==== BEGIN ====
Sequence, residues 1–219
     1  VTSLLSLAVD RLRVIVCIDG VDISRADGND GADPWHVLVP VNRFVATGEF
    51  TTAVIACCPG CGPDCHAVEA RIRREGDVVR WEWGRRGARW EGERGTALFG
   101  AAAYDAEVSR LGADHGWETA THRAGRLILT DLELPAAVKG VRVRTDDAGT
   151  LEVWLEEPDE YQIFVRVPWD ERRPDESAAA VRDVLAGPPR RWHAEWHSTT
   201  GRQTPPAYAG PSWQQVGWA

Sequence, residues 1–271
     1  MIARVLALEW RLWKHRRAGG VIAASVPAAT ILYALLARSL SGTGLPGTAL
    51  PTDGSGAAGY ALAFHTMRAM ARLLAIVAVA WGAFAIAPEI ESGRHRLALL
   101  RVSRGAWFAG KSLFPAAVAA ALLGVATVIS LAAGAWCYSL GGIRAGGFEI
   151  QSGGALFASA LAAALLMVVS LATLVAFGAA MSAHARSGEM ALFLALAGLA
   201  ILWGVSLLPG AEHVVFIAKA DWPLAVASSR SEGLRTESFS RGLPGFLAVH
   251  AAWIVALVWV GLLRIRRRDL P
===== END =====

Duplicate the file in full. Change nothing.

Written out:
Sequence, residues 1–219
     1  VTSLLSLAVD RLRVIVCIDG VDISRADGND GADPWHVLVP VNRFVATGEF
    51  TTAVIACCPG CGPDCHAVEA RIRREGDVVR WEWGRRGARW EGERGTALFG
   101  AAAYDAEVSR LGADHGWETA THRAGRLILT DLELPAAVKG VRVRTDDAGT
   151  LEVWLEEPDE YQIFVRVPWD ERRPDESAAA VRDVLAGPPR RWHAEWHSTT
   201  GRQTPPAYAG PSWQQVGWA

Sequence, residues 1–271
     1  MIARVLALEW RLWKHRRAGG VIAASVPAAT ILYALLARSL SGTGLPGTAL
    51  PTDGSGAAGY ALAFHTMRAM ARLLAIVAVA WGAFAIAPEI ESGRHRLALL
   101  RVSRGAWFAG KSLFPAAVAA ALLGVATVIS LAAGAWCYSL GGIRAGGFEI
   151  QSGGALFASA LAAALLMVVS LATLVAFGAA MSAHARSGEM ALFLALAGLA
   201  ILWGVSLLPG AEHVVFIAKA DWPLAVASSR SEGLRTESFS RGLPGFLAVH
   251  AAWIVALVWV GLLRIRRRDL P